Survey finds more Canadians are living beyond their means
Over 60 per cent of Canadians are spending 37 per cent of their income on housing, and 51 per cent say if they lost their main source of income they would default on their mortgage payments after a few months.
This is according to a new survey by Leger, done for the online mortgage marketplace called Rate Filter. Andy Hill, a co-founder of Rate Filter based in Vancouver, says that in the 2021 census showed that 30 per cent of Canadians were paying more than 30 per cent of their income on housing.
According to The Canadian Mortgage and Housing Association, in order for housing to be affordable, Canadians should not be paying more than 30 per cent of their pre-tax income on housing.
Now, it’s double that. Although Hill cautions that the sample size used in the Leger survey is only 1500 Canadians, compared to the census which tries to reach everyone.
Part of the reason the cost of housing has gone up so much is the Bank of Canada interest rates hikes. The prime lending rate was 2.45 per cent a year-and-a-half ago. Now it’s at 7.2 per cent. That’s an increase of almost five per cent.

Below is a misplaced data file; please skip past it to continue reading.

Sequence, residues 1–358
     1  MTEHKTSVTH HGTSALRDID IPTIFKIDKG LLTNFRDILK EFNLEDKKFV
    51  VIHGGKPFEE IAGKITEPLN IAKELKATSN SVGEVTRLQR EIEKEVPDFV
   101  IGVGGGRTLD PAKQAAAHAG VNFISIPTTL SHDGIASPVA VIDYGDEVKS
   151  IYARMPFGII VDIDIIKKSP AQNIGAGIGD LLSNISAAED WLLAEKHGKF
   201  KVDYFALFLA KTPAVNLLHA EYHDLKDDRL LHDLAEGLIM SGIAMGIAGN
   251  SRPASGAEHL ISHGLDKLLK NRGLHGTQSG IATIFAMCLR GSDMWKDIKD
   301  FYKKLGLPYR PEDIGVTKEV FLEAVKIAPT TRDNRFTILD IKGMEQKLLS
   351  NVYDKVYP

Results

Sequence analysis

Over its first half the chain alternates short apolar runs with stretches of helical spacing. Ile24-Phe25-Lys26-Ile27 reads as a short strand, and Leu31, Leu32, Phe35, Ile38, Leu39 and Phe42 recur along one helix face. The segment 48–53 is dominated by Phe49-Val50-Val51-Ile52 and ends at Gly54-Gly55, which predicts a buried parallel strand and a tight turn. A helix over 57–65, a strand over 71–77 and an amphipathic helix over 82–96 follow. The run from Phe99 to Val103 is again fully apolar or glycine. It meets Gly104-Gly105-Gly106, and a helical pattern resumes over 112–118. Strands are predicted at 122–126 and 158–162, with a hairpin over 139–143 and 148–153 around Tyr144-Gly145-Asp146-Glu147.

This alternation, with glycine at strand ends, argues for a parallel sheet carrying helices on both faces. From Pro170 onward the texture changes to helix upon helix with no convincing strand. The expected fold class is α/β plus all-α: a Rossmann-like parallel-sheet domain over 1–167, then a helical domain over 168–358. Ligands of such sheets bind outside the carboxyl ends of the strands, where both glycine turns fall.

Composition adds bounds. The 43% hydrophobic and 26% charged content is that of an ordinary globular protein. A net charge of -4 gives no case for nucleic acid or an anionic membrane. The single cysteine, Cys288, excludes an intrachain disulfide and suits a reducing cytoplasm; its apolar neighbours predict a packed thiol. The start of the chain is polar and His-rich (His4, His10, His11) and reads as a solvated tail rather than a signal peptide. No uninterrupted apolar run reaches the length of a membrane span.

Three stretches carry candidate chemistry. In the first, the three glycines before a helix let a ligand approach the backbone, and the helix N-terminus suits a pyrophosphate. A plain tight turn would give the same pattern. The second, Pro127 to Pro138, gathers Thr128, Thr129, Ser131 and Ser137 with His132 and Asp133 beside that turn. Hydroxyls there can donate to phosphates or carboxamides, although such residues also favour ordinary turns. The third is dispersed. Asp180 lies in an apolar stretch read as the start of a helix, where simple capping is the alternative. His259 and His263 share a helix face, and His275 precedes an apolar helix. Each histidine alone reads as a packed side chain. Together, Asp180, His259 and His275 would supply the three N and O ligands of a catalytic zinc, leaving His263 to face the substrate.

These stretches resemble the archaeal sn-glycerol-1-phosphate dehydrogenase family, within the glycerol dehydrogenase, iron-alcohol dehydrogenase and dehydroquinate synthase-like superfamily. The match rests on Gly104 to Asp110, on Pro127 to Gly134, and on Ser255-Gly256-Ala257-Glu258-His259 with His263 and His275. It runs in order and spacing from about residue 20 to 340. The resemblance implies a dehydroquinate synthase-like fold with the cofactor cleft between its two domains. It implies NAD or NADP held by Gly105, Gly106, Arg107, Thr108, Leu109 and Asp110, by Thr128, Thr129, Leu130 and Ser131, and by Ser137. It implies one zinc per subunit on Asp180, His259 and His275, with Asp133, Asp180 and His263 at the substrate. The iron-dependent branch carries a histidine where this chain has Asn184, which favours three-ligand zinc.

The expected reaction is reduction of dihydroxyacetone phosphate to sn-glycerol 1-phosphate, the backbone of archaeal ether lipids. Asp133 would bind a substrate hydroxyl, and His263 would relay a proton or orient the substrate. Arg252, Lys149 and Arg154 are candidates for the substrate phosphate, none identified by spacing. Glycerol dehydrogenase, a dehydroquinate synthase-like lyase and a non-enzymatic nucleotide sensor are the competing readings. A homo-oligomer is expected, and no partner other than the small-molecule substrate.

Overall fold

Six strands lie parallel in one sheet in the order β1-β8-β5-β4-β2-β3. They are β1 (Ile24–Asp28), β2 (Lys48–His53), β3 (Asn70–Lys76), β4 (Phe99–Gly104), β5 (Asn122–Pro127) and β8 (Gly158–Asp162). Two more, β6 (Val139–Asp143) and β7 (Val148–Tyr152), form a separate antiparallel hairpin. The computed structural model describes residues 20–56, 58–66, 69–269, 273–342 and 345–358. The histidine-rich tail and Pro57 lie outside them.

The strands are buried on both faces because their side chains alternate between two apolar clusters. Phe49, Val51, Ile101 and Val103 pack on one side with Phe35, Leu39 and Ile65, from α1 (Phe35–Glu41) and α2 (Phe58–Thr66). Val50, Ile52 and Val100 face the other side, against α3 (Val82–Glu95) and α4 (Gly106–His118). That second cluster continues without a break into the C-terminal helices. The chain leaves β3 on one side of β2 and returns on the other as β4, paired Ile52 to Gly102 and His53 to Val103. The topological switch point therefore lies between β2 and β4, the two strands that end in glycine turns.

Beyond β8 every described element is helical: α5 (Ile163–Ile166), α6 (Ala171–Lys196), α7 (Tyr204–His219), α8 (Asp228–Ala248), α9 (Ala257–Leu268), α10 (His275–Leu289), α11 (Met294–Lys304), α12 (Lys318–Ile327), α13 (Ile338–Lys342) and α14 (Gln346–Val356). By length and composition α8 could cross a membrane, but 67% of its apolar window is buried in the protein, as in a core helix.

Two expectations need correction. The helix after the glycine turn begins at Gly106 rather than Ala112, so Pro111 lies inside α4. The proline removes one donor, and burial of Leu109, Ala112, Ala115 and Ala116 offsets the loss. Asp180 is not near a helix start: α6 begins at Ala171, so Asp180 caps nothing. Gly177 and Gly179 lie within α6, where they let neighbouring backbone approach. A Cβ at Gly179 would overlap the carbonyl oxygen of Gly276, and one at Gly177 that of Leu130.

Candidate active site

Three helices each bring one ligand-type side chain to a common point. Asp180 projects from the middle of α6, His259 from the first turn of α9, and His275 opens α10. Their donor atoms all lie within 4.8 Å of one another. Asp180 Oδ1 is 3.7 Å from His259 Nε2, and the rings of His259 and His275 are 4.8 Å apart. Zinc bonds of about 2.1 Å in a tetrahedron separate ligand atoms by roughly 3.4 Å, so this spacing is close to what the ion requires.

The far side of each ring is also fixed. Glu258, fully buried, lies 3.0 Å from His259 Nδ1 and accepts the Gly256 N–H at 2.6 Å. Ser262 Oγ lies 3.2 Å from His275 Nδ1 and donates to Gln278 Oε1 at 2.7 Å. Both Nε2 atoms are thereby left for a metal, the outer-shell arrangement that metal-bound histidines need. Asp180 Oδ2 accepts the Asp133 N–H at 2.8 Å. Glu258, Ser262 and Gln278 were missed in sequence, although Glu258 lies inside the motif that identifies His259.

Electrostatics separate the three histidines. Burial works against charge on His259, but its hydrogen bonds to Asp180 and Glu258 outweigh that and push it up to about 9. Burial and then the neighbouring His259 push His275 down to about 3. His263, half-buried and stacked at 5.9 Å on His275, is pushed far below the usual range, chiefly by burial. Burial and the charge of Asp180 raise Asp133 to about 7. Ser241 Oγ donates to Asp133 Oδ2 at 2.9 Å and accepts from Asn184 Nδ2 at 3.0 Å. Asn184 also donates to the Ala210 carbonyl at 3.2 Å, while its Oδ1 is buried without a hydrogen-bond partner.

High interest rates mean that some Canadians are paying much higher interest rates on their mortgages now than they were 18 months ago, contributing to the financial precarity more people are experiencing.
Hill calls the Bank of Canada “a blunt tool” that can be used to adjust the economy. In this case, the bank is raising interest rates in an attempt to even out inflation, or the high costs of goods and services Canadians have been experiencing, which started bubbling in the pandemic.
Along with inflation and high interest rates, Canadians are carrying more debt than ever before, Hill says.
All of these things along with a shortage of housing are contributing to what Hill calls “historic financial times.” Rate Filter wanted to do a survey to have data to mark these times, he said.